Brooks Bell CEO Gregory Ng said Amazon may be making the offline shopping experience too easy for customers. “The reality is that a lot of people are not ready for this,” he said. “There will be a need for increased education and comfort to be able to actually get out the door. Amazon may be leading the way, there is a huge learning gap and adoption gap, but the average consumer is not yet close to mass adoption.”

In other words, while the concept behind Just Walk Out may appear to be a successful idea on the surface, the reality is that many people may find the experience uncomfortable and therefore tend to avoid it in favor of interacting with the cashier (or at least interact with some sort of formal checkout process, even if it’s automatic). The point, says Ng, is that many people today seem to prefer to go through a distinct transition phase at the end of the shopping experience, where on the other hand they can be told that the experience is complete and they can move along the

Without such a clear transition phase — some sort of signal that marks the end of the shopping experience — customers are likely to think, “Wait a minute, I don’t have to take out my wallet? You’re not going to stop me from looking at my receipt,” Ng said. Do I just literally walk out? Feels like I’m shoplifting…” Actually, the consumer needs some kind of physical door to get through where the light turns green or some kind of button to say” I’m done shopping”, along with a message saying ‘you’ can go now’.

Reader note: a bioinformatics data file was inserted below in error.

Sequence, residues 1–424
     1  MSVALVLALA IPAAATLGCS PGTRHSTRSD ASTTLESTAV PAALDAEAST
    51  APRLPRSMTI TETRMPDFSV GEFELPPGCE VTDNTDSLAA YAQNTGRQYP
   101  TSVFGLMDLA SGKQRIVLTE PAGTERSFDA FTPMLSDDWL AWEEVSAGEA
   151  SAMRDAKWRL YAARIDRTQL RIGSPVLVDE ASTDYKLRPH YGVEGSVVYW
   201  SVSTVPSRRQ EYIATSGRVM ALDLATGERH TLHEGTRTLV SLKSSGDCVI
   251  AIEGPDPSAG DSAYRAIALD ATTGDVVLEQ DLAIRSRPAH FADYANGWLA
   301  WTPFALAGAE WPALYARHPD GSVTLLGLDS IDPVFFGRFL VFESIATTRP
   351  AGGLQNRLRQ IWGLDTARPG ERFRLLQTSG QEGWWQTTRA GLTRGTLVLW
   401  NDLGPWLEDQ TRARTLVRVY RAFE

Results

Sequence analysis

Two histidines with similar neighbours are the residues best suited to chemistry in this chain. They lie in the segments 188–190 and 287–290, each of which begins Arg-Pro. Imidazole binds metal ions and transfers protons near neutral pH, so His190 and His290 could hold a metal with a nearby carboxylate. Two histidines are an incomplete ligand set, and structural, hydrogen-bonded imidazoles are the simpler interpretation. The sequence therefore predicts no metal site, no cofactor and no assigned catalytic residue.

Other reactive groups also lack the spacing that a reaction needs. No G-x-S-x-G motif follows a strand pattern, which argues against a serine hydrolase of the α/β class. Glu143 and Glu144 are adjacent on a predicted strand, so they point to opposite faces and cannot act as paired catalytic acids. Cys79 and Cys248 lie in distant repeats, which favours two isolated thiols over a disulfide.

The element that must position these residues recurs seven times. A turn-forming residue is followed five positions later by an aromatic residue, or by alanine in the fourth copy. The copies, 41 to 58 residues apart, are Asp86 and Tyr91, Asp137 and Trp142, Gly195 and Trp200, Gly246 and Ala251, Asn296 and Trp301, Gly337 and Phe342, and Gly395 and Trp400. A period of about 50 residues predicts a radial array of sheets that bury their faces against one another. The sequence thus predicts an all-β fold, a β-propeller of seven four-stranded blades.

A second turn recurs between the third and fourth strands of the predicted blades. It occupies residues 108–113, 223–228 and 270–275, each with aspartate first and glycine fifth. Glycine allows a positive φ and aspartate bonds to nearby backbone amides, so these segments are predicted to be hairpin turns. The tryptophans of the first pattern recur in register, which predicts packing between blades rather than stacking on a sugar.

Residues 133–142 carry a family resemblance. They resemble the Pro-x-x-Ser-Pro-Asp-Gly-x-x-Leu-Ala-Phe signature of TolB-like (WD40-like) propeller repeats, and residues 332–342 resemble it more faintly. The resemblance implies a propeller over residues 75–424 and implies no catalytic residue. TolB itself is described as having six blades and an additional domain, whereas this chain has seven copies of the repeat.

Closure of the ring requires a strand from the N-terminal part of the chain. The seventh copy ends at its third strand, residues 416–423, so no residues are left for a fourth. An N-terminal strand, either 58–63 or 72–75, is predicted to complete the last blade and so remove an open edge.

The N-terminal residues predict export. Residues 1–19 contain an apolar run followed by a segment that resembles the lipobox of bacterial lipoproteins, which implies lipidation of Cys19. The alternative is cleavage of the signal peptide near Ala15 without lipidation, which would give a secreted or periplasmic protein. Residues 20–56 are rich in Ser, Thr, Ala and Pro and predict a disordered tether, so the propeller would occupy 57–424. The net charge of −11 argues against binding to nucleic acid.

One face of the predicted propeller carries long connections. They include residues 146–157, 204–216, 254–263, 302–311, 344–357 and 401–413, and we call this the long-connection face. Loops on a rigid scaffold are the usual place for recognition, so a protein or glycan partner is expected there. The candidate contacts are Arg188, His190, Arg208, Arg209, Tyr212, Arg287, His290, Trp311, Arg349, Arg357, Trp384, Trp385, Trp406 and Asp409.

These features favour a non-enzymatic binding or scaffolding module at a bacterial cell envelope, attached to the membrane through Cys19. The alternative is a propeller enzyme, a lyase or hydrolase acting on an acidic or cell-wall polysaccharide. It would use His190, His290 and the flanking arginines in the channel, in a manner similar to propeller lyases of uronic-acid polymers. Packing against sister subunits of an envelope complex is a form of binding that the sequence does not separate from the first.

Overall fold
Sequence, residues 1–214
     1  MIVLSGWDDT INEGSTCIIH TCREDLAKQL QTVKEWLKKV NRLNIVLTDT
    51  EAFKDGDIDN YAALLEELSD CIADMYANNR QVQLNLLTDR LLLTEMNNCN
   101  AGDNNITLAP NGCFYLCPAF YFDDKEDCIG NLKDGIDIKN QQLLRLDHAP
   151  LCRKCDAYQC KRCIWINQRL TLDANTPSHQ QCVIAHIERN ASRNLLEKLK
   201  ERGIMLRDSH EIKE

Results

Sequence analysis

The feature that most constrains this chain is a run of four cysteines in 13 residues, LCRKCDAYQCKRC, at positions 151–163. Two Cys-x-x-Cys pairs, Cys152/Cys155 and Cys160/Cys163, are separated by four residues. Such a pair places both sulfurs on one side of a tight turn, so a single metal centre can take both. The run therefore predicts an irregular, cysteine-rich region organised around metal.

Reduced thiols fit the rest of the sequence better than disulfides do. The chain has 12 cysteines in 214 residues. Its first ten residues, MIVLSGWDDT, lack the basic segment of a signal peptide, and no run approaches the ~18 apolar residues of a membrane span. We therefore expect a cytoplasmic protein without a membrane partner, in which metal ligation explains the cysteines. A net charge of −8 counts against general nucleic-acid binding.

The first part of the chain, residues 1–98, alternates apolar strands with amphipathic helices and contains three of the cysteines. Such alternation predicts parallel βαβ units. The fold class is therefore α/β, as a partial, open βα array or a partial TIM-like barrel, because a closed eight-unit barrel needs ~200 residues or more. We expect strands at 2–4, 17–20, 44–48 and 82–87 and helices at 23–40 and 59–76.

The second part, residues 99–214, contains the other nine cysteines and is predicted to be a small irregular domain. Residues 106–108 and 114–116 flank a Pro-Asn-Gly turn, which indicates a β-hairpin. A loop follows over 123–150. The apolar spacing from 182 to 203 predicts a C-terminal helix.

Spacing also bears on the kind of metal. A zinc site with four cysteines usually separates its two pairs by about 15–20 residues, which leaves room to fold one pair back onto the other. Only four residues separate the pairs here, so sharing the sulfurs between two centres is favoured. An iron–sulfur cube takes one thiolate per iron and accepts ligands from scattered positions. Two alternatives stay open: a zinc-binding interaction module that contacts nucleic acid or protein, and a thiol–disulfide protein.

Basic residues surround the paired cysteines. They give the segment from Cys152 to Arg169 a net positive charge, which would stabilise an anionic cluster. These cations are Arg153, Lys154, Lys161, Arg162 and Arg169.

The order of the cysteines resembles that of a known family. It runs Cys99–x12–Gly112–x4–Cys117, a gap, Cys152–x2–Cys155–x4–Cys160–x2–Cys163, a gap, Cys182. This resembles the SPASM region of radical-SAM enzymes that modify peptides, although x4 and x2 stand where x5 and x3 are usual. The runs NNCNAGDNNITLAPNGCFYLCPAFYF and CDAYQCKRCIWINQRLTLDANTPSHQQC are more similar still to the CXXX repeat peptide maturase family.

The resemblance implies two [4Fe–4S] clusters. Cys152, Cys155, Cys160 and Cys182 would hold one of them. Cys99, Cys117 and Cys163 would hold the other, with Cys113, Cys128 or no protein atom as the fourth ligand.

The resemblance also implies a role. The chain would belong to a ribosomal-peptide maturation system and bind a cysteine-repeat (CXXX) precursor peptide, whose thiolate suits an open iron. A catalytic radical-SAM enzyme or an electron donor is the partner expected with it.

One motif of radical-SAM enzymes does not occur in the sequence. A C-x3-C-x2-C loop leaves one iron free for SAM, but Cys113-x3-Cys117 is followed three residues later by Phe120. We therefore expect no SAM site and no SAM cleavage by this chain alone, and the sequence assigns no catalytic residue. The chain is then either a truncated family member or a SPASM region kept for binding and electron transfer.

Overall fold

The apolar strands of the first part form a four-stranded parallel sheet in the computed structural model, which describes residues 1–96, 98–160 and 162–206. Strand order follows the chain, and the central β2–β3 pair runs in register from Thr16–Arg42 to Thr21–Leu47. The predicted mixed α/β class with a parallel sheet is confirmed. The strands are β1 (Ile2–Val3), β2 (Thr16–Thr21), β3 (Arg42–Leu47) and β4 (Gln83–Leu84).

It might take some extra time, but maybe having the cashier hand you your luggage or even having the automatic checkout machine spit out the receipt at you and tell you in a mechanical voice “shopping with us again soon” is better than simply walking out Even better. In the future, Amazon might use a fleet of humanoid robots to stand at the exit of a cashierless store and tell customers as they leave: “You’re done shopping now — have a great day.” , which sounds a bit like Black Mirror, but oddly, it might make a lot of people feel more comfortable going out with their groceries.

Requires a clearly defined identity

Steve Mader, global head of commercial at UK agency PHD, said the cold reception at Amazon Fresh stores across the UK boiled down, at least in part, to issues of identity and value proposition.

“[The stores are] Not entirely sure what they are,” he said. “They’re not a full grocery store like Sainsbury’s or Tesco…it’s trying to do too much. It’s either a small local grocery store or a pre-made sandwich shop, but neither is necessarily doing very well…the store’s value props haven’t quite come to fruition. “

In the future, how can Amazon rethink its brick-and-mortar, cashierless retail experience to attract more customers and create a more enjoyable and sustainable business model?

Mader suggested that one solution might lie in devoting more resources and attention to the shopping environment itself. “In order to stand out in the market, [Amazon has] Store-centric, value prop-centric, and focus on the store environment,” he said. “Because aside from the initial ‘wow’ factor [that comes from using Just Walk Out technology], shoppers won’t walk into an Amazon Go store and choose that store at Tesco across the street because they’ll save 5 seconds in and out if the value proposition isn’t good enough. It must first focus on being a great grocery store… [and] Make sure shoppers actually enjoy going to the store and not just using technology. “

For more on the evolution of e-commerce, check out The Drum’s latest Deep Dive.